Fencing in Seoul

April 6, 2008

It wasn’t easy. First of all, getting all the books I needed for my teaching at EWHA University shipped to Seoul, Korea, and second, with them my fencing gear. Too much to take on the plane, I shipped it all to Seoul by the help of my friend the shipping agent, which was totally uncomplicated. Getting it from the airport to Seoul, though, was a huge hassle, and without help from a Korean friend I would have had to pay some 3-4 hundred USD to have it brought to my place in Seoul. Instead the fares for customs and paperwork was a modest approx 50 000 Won (50 USD).

Next difficulty was finding a fencing club in Seoul. Strangely the internet will not give you any clues if searching in English (at least my search on Google gave nothing). An email to the national fencing federation resulted in two email addresses and mobile numbers. My initial emailing did not get any response, but I found out about Seoul Fencing Club, which actually has a very good (and well designed) homepage with information in English. Since SFC is one of the few clubs fencing more than just foil in Seoul, it seemed a reasonable choice. Actually, they fence all three weapons, with emphasis on foil, followed by epee, and a bit of sabre, if there are sabre fencers around. This is their link:


It was a happy choice. The club is in Ichon, just a few stops from central Seoul (note: NOT Incheon, by the airport!!). The club is really close to the subway station, and the home page actually provides you a map (in Korean). But don’t try to get here by taxi! if you are unfortunate, it will mean a huge detour, since Ichon actually is surrounded like an island by intersecting highways.

Even though the English speaking is a bit limited, the people at the club are generally friendly. As always, coaches are harder to charm than others, but apart from not understanding the instructions during group and individual lessons, the difficulties are quite minimal. And there are a few Americans fencing in the club, and a handful of Koreans who speak good English, if you feel for a bit of conversation between the fencing bouts.

The fencing is in fact on two different levels: the club, which is of quite small size with some 30 active members (correct me if I am wrong) has a lot of moderate level people who fence for the fun (like me). But the professional coaches and the space is shared with hand-picked high-school students (some possibly even younger) that are super quick in their moves and aspire to be in the elite of the country’s fencing. Some are in the junior national team already, if I got it right. Their efficiency and drill in footwork is impressive, you have their quick “bang-bang-bang” followed by yell shrieks when they practice advance and lunge ringing in your ears long after you’ve left the club.

Fencing style in Korea – at least in this club – differs radically from what I’ve learned in my European club LUGI in Lund, Sweden. There is a lot of attention on the footwork, and the technique seems not so oriented on “the tip” but on getting into short range and hit with surprise and speed. As I talk about epee, the Korean style is a bit like foil, compensating for generally shorter physical range with a more explosive style. Possibly less conservative than back home, but I still need to be convinced about its efficiency. I try to stick to what I’ve learned, but adapting it to circumstances here in Seoul. Still the best fencers were quite impressive, also considering their young age.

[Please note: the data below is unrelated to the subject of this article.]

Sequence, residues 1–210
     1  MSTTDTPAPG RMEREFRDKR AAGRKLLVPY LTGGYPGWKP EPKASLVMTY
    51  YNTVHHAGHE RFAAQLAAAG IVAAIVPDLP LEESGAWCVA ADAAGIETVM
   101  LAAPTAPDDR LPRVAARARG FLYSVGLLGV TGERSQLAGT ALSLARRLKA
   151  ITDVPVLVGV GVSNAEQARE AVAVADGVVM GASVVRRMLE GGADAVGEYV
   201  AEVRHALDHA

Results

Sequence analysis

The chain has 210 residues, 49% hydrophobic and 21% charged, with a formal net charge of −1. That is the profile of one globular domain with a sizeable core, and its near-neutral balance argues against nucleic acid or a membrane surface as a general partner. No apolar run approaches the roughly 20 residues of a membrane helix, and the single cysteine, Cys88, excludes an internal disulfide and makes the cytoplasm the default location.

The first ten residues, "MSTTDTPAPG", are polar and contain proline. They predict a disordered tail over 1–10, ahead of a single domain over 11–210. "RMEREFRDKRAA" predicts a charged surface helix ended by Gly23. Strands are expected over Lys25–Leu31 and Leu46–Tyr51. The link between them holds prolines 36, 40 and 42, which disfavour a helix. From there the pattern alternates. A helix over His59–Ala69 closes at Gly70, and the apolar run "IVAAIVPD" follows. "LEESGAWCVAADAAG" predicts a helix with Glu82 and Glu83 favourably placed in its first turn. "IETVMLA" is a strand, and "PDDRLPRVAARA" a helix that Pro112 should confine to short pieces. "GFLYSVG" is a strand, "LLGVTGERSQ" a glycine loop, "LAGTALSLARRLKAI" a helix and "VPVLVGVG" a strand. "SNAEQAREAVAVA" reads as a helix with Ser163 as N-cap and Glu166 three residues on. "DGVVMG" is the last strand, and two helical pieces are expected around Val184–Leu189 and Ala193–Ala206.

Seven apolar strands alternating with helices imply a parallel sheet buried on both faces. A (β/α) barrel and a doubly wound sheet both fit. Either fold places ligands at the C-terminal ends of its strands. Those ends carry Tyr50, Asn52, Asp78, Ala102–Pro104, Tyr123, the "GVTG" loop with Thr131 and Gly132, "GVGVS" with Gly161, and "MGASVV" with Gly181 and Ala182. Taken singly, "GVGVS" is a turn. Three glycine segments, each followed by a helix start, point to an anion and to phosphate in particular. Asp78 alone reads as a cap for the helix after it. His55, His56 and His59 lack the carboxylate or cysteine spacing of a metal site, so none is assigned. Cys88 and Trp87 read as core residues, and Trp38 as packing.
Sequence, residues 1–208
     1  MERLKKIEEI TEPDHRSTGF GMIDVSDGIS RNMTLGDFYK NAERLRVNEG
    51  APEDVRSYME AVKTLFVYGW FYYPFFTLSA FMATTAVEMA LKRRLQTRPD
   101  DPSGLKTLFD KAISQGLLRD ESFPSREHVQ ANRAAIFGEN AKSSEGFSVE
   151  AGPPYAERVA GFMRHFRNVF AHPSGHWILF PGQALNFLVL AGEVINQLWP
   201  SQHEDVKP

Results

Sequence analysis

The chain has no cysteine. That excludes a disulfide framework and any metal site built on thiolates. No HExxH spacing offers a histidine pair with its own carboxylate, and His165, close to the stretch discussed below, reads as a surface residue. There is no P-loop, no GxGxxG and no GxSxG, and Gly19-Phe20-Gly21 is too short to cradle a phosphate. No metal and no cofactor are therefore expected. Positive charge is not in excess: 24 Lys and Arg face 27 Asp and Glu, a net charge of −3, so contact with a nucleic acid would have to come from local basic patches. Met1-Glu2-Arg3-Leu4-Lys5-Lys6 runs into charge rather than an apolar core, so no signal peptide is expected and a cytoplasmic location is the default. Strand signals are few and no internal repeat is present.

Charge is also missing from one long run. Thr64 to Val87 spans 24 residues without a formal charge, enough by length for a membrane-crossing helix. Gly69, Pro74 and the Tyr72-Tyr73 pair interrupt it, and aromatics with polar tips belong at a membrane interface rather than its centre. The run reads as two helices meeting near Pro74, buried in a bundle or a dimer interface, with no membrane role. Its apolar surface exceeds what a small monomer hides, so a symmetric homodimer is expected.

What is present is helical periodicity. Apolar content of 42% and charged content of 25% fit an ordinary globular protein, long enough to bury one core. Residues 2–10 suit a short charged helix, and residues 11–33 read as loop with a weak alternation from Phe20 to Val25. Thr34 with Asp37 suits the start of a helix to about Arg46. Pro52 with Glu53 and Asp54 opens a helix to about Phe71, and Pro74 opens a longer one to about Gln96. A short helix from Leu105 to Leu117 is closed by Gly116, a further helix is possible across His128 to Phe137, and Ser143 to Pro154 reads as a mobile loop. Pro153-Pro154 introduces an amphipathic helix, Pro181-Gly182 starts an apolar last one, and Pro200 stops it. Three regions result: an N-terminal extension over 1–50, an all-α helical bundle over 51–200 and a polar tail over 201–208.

Fencing hours are Mon, Wed, Fri 7-9 pm, Saturday 3-6 pm. Saturday is basically free fencing, unless the coach decides differently and gives the group a bit of footwork and other exercises. During weekdays, it can be very oriented towards group and individual lessons, and much focusing on the young talents, who are working on their drills two by two. For an outsider, this might be a bit low intense, but as I am still figuring out how it all works out, I might have change my mind!

Six full length and width pists provides very adequate circumstances for the fencing, as do the large and well lit facilities in a school building. Although do not bother about shower or changing after fencing, since the shower is small and “co-ed” (guys have to wait until girls are done) and there is actually no real changing room. Get there in a track suit, and go home for the shower. But you can leave your fencing stuff at the club, cables and weapons neatly packed into your fencing bag, and jacket, lame etc on hangers (bring your own hanger). 50 000 Won per month is a reasonable price, but you need to have your own equipment.

The club is located in Chung Kyung High School. Just use exit 3:1 from Ichon Subway Station, go straight till you have to turn, go left and then immediately right till you reach the main road. Cross the street, go left two blocks and you will see a big street sign over the road indicating the alley leading to the school. In the far end of the school yard to the left you find a building with a vault on the fa├žade. The fencing club is upstairs on the first floor.